About Autism Complete Article


According to Dr Schlegel (Paediatric Neurologist), there is a triad of hallmark problems associated with autistic children. Typically there are communication problems, and language development is delayed.  Social interaction is problematic as autistic children don't assimilate the social conventions that other children do. And thirdly, imaginative play is impaired. Autistic children simply relate to the world differently. "We try to take down the wall so that communication can take place", says Dr Shlegel, "however, you can't cure this condition. Autistic children will always have communication problems and relationship difficulties and parents should monitor and support their children particularly in these areas. What I recommend to parents who are worried about their child's lack of speech development, is to get a professional opinion. Early intervention definitely makes a huge difference to the development of an autistic child. There are programs that offer a lot of support and some children can learn to communicate, however ASD is a biological problem that persists."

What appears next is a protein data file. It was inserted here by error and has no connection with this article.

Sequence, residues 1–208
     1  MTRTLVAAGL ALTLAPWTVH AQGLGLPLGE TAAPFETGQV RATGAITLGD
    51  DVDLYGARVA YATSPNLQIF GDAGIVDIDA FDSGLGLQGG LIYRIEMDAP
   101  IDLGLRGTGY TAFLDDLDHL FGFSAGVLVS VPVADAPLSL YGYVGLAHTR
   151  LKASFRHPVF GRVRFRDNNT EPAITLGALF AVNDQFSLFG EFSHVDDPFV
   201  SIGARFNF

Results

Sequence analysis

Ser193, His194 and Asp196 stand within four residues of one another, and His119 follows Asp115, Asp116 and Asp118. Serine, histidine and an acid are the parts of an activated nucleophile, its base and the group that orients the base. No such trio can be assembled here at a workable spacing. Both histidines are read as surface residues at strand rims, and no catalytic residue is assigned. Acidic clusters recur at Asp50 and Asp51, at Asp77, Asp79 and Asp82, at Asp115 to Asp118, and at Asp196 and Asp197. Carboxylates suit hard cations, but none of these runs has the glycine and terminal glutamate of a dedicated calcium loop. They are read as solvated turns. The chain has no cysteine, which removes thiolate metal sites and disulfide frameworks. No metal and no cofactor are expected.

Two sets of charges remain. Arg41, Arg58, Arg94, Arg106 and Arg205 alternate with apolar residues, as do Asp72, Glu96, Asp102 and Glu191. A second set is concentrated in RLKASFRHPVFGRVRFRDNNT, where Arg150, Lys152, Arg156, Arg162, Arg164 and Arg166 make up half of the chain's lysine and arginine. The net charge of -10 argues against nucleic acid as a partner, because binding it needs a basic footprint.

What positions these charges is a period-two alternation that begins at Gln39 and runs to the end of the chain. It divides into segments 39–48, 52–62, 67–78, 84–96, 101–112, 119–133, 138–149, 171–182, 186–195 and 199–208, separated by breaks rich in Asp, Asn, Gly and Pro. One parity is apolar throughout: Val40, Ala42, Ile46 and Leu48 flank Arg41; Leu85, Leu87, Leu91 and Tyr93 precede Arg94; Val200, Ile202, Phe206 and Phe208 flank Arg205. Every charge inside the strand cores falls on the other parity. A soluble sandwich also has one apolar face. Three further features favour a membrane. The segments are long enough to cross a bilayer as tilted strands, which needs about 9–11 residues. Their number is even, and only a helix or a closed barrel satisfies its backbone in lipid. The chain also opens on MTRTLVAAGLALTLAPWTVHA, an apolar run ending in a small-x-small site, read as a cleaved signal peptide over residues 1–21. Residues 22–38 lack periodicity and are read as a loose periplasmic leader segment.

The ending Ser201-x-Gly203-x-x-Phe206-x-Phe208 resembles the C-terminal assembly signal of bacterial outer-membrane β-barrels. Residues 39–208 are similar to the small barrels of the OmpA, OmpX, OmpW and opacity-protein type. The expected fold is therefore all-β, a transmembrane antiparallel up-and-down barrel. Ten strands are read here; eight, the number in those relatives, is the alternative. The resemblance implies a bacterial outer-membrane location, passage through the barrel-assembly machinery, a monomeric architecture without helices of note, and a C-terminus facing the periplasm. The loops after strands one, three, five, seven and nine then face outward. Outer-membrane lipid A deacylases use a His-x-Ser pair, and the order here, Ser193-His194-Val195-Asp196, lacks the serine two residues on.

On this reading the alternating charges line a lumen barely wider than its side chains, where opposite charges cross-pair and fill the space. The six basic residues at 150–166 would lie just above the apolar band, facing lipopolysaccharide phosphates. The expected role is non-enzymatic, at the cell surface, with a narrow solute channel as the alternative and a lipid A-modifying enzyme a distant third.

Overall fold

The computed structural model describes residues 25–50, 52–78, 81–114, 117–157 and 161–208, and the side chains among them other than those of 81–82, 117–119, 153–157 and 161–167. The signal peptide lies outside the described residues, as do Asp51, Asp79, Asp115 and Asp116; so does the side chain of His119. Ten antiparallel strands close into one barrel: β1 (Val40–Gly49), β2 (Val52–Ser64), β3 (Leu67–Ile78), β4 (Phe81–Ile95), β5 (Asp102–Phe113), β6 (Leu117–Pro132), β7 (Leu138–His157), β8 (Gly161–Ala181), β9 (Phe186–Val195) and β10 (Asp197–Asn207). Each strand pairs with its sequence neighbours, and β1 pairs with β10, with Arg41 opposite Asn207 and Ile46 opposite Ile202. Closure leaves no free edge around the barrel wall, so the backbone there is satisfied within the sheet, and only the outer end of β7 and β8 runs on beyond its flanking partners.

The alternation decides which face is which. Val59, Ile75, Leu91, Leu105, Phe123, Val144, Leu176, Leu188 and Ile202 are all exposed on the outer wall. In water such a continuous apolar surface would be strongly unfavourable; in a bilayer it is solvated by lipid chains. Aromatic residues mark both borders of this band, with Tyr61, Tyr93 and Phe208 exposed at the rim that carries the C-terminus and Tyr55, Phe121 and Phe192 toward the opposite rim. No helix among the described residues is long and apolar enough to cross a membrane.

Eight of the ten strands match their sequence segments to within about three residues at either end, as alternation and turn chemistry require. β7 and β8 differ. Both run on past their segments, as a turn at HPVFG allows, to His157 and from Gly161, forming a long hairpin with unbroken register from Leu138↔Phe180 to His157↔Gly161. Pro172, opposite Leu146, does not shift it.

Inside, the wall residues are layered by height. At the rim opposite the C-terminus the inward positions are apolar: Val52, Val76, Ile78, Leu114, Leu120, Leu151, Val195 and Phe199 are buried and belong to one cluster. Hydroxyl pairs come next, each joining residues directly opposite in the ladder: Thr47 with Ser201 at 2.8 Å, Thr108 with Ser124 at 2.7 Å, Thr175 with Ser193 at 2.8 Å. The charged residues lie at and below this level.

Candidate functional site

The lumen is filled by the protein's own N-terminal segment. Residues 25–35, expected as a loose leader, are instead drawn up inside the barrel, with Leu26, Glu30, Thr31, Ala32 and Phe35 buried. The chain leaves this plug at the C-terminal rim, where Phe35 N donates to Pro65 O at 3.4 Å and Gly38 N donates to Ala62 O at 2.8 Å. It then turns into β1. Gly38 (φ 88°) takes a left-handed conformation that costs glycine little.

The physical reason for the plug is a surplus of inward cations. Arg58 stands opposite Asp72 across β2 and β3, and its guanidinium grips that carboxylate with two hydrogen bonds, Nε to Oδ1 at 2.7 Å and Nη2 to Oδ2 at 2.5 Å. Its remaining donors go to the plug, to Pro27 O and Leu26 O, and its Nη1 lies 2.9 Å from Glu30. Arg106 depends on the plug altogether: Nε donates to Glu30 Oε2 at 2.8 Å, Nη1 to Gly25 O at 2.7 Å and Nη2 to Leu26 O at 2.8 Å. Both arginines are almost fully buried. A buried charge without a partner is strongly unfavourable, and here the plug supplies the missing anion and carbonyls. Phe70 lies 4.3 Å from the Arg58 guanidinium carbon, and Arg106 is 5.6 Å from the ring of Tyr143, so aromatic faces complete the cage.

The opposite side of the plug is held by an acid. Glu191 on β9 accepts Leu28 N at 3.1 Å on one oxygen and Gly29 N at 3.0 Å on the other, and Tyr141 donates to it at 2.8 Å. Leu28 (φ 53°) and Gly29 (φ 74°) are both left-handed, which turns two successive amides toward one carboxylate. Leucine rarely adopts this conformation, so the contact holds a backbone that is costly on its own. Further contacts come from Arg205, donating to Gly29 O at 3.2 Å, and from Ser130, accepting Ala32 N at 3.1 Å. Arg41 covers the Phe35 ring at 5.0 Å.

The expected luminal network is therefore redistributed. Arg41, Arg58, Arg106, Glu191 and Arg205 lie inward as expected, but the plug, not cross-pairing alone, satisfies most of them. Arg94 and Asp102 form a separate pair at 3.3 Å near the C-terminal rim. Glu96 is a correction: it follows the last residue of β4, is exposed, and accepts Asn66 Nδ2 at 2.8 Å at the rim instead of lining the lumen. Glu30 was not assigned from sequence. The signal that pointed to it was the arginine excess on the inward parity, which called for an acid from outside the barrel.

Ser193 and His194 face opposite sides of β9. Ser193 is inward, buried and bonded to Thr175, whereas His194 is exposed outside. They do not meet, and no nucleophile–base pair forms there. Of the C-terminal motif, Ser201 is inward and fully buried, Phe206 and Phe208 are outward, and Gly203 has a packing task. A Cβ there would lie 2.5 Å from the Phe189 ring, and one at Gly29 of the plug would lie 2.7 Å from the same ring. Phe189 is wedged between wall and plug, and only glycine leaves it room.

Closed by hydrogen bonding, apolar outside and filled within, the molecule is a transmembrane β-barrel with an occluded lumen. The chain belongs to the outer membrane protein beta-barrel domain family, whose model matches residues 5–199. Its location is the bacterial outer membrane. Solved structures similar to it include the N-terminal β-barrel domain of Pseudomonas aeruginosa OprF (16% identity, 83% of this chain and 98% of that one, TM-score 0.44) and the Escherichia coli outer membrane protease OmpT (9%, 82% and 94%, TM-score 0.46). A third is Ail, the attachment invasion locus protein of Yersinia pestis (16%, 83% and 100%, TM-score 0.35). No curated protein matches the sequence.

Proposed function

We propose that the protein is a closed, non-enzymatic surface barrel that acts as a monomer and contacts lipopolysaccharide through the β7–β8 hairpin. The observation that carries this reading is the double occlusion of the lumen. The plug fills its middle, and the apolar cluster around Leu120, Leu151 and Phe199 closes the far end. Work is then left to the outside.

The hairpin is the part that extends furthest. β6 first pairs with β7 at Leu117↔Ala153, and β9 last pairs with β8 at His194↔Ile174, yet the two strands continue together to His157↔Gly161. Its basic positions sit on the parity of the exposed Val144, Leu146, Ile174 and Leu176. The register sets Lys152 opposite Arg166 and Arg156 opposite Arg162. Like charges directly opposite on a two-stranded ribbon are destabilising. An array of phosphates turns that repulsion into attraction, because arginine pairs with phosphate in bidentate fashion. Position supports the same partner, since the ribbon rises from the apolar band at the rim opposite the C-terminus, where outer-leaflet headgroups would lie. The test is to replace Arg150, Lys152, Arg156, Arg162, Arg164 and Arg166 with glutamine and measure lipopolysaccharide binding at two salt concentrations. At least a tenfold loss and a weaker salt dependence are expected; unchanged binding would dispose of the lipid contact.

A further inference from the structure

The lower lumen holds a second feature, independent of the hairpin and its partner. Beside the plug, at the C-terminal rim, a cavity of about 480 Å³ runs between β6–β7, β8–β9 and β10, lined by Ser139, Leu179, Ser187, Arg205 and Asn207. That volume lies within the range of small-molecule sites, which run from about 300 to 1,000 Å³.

Dr Schlegel referred Michael to speech therapist Deborah Stodel, who suggested that Jeannie get in touch with Annalies van Rijswijk at SNAP (Special Needs Adapted Program) in Durbanville. Annalies founded SNAP, a program based on the principles of behaviour modification, after working at the Vera  School for 11 years. "Our meeting with Annalies was like coming home", says Jeannie in her e-mail. "I started crying when we drove into the gates and I didn't stop for two weeks. Everybody started getting a bit worried, but I was fine. I was simply so relieved to find help". The help that Annalies offers is an integrated program of tuition for Michael, as well as emotional support for Jeannie and Kevin. Dedicated tutors give each child a unique program of one-on-one lessons, in everything from recognizing emotions to saying hello and goodbye. There are ten little classrooms, and on the day I visit the school, Marisa van der Berg is observing her son, Rohan through a one-way mirror in the classroom door. He is happily working with his tutor, and if you didn't know he was autistic you wouldn't guess he had a developmental problem. The fact that he has always made eye contact with people, something that autistic children generally don't do, made diagnosis difficult. Says Marisa, "we went to see our doctor because Rohan wasn't talking at all, but our doctor said he wasn't autistic. He told us that he had behavioural problems and that we should be stricter with him". With no help from the doctor, Marisa and her husband had to take Rohan home and try to figure out the problem themselves. By the time they heard about SNAP, the stress and exhaustion was taking its toll and they were on the verge of a divorce. "The first day I came here, I thought "no way" but I saw an improvement in 30 minutes". Now that the Van der Bergs have seen Rohan's progress, the divorce talks have been called off. "My husband now understands that he has to be consistent, that he can't allow Rohan to tear up the newspaper one day, but get cross when he destroys it on another day before it has been read". As we stand outside the classroom, Rohan starts screaming. His tutor has asked him to stack three blocks, and he doesn't want to do it. "He is happy to play with blocks at home", says Marisa, "but he hasn't done it here with his tutor yet, and he doesn't like change". His tutor gently persists, encouraging him to stack the blocks with the promise of some bubbles once he has completed the task. When he is finally ready to stack the blocks he is rewarded with smiles and praise. Marisa's doctor's reaction - blaming the van der Bergs for their son's behaviour - is unfortunately not uncommon. "Not long ago", says Deborah Stodel, "the theory was that autism was a psychological disorder caused by poor bonding between a mother and child." Autism is a biochemical brain disorder, and is not about bad parenting. The symptoms vary from person to person, and while there are broad categories within the spectrum ranging from Asperger's Syndrome (when the child can talk but has poor social skills) to Rhett's Syndrome, each child has to be individually assessed and treated. Many parents initially feel that they are to blame somehow, and go through a process of trying to figure out why their child has autism. But as Dr Schlegel points out, scientific evidence points to a genetic biological cause. "Autism has strong associations with a range of other conditions like epilepsy and Fragile X syndrome, which causes developmental disabilities",  she says. It is a biological problem something has happened in the early development of the brain. At this stage research indicates that there are a variety of contributing factors. Genetic factors play a role and there tend to be clusters in families as well as concordance in twins. The fact that it is polygenetic (more than one gene is involved) makes it more difficult to identify the responsible genes. There are also environmental facts, such as a high-risk pregnancy, and research is also looking into the mother's mental state during and after pregnancy, which is obviously a sensitive issue, says Dr Schlegel.  There are sometimes additional factors that can trigger and bring out the symptoms of autism, such as a child's long separation from its parent or caregiver, a death or a life-altering change. Some parents blame their child's autism on the MMR vaccine and there is currently a lot of research into whether there is a relationship between the MMR vaccinations and ASD. Jeannie has wondered about the MMR. "It could've been made worse by the MMR vaccination, which left Michael very ill with a high fever. Who knows? Nobody can actually tell me for sure why and how. I just know that he was different right from birth. He wanted to sleep alone and was always quiet and hated crowds." Another thing confounding doctors is why the numbers of autistic children seem to be exploding. Deborah Stodel says that ten years ago the figures were one in 10 000, and now they are 1: 158.